12. ^ FDA Talk Paper T98-16
  13. ^ FDA Final Rule, Food Additives Permitted for Direct Addition to Food for Human Consumption; Sucralose
  14. ^ a b Baird, I. M., Shephard, N. W., Merritt, R. J., & Hildick-Smith, G. (2000). "Repeated dose study of sucralose tolerance in human subjects". Food Chemical Toxicology 38 (Supplement 2): S123–S129.. doi:10.1016/S0278-6915(00)00035-1. 
  15. ^ a b Report from NICNAS, The Australian Government regulator of industrial chemicals (PDF document)
  16. ^ USFDA Department of Health and Human Services, 1998
  17. ^ Labare, Michael P.; Alexander, Martin (1993). "Biodegradation of sucralose in samples of natural environments". Environmental Toxicology and Chemistry 12 (5): 797–804. doi:10.1897/1552-8618(1993)12[797:BOSACC]2.0.CO;2. 
  18. ^ Measurements of Sucralose in the Swedish Screening Program 2007, Part I; Sucralose in surface waters and STP samples
  19. ^ Sötningsmedel sprids till miljön - Naturvårdsverket
  20. ^ []
  21. ^ Daniel JW, Renwick AG, Roberts A, Sims J. The metabolic fate of sucralose in rats. Food Chem Tox. 2000;38(S2): S115-S121.
  22. ^ Natural organochlorines in living organisms: chlorinated compounds, biosynthesized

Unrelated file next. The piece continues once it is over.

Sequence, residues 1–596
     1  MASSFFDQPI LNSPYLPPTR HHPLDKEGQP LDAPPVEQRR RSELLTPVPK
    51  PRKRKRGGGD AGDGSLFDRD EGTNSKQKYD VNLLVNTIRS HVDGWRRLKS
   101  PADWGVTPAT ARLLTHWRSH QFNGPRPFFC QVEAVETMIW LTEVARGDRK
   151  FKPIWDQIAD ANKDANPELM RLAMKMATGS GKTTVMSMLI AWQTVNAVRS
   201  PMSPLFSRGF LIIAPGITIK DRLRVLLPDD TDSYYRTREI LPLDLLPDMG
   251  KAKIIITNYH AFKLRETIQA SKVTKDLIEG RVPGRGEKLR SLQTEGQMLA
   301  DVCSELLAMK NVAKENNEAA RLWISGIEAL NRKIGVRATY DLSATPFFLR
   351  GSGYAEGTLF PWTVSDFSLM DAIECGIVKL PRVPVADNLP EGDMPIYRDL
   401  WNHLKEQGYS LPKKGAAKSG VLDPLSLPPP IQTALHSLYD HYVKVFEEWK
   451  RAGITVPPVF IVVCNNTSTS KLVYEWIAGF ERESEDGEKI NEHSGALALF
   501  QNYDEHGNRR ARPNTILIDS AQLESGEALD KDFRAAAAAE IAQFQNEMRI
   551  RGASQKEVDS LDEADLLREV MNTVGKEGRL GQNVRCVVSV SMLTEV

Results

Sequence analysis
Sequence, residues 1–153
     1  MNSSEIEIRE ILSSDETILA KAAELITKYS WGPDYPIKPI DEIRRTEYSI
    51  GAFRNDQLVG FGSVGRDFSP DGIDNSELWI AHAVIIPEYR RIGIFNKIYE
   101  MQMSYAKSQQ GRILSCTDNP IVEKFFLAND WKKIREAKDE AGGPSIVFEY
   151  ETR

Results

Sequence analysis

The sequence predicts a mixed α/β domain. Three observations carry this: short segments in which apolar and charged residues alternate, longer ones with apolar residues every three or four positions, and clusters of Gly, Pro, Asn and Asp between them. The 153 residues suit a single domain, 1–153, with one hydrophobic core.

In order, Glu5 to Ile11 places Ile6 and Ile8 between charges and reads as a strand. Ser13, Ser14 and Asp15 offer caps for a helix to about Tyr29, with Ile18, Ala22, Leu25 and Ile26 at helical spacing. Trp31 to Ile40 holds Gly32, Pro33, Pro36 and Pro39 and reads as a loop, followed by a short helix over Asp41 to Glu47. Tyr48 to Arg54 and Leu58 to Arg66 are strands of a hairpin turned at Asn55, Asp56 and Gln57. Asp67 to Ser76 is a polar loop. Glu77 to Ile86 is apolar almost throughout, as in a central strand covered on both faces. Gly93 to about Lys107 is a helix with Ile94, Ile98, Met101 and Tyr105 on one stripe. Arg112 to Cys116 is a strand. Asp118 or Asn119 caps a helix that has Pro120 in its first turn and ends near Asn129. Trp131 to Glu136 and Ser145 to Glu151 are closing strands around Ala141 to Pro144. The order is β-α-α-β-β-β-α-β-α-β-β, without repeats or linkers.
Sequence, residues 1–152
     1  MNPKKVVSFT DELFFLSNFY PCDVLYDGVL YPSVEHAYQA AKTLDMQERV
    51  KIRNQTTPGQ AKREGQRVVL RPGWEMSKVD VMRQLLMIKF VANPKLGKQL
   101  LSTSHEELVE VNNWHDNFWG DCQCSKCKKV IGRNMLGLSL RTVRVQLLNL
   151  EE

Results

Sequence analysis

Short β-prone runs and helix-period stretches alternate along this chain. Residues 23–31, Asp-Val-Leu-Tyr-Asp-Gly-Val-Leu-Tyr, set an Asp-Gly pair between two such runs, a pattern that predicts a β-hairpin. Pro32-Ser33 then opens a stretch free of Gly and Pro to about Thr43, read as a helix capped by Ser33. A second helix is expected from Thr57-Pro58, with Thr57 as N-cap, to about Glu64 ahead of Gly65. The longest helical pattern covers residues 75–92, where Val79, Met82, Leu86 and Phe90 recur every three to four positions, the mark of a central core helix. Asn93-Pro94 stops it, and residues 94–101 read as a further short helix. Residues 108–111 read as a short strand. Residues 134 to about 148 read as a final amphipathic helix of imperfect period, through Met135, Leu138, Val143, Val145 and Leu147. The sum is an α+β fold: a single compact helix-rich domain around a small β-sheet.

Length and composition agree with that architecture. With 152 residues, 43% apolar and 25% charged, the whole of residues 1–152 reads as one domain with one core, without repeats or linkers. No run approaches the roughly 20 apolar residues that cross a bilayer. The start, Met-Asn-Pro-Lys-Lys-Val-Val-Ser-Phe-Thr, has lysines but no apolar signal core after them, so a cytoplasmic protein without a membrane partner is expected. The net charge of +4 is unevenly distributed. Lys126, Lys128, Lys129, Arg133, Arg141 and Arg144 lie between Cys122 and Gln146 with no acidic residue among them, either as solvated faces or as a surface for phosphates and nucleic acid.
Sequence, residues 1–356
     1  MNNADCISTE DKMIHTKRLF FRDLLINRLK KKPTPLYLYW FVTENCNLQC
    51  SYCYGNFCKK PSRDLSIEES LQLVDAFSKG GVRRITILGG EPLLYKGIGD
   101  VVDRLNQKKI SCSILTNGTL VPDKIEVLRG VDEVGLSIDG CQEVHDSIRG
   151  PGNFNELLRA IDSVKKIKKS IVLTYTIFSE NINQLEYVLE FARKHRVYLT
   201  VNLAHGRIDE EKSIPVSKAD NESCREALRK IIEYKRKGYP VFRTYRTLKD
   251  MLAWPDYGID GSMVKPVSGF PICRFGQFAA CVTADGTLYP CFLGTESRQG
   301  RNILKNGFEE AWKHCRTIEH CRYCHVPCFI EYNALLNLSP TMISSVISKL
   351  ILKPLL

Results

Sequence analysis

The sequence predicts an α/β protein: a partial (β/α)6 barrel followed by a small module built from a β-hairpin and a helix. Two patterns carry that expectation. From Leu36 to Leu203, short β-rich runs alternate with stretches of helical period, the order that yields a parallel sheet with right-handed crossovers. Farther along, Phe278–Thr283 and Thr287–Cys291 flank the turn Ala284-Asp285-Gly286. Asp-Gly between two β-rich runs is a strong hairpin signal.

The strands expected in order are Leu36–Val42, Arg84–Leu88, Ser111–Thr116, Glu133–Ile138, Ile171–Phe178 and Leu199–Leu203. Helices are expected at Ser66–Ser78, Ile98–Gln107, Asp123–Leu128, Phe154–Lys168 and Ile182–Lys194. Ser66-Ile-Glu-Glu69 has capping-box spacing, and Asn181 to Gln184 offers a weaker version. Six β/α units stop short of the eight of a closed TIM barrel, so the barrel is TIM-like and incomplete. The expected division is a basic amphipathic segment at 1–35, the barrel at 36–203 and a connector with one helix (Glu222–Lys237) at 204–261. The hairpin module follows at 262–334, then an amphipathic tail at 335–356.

23. ^ Gordon W. Gribble (1998). "Naturally Occurring Organohalogen Compounds". Acc. Chem. Res. 31 (3): 141–152. doi:10.1021/ar9701777. 
  24. ^ Gordon W. Gribble (1999). "The diversity of naturally occurring organobromine compounds". Chemical Society Reviews 28 (5): 335. doi:10.1039/a900201d. 
  25. ^ Abou-Donia MB, El-Masry EM, Abdel-Rahman AA, McLendon RE, Schiffman SS (2008). "Splenda alters gut microflora and increases intestinal p-glycoprotein and cytochrome p-450 in male rats". J. Toxicol. Environ. Health Part A 71 (21): 1415–29. doi:10.1080/15287390802328630. PMID 18800291. 
  26. ^ Citizens for Health press release
  27. ^ Patel, Rajendrakumar M. (September 2006). "Popular Sweetner Sucralose as a Migraine Trigger". Journal of Head and Face Pain 46: 1303. doi:10.1111/j.1526-4610.2006.00543_1.x. 
  28. ^ Journal of Mutation Research - August 2002
  29. ^ Lynch BS, Tischler AS, Capen C, Munro IC, McGirr LM, McClain RM (1996). "Low digestible carbohydrates (polyols and lactose): significance of adrenal medullary proliferative lesions in the rat". Regul. Toxicol. Pharmacol. 23 (3): 256–97. doi:10.1006/rtph.1996.0055. PMID 8812969. 
  30. ^ Nunes AP, Ferreira-Machado SC, Nunes RM, Dantas FJ, De Mattos JC, Caldeira-de-Araújo A (2007). "Analysis of genotoxic potentiality of stevioside by comet assay". Food Chem. Toxicol. 45 (4): 662–6. doi:10.1016/j.fct.2006.10.015. 
  31. ^ Canimoğlu S, Rencüzoğullari E (2006). "The cytogenetic effects of food sweetener maltitol in human peripheral lymphocytes". Drug Chem Toxicol 29 (3): 269–78. doi:10.1080/01480540600651600. 
  32. ^ Dietary Supplement Health and Education Act of 1994, Public Law 103-417, 103rd Congress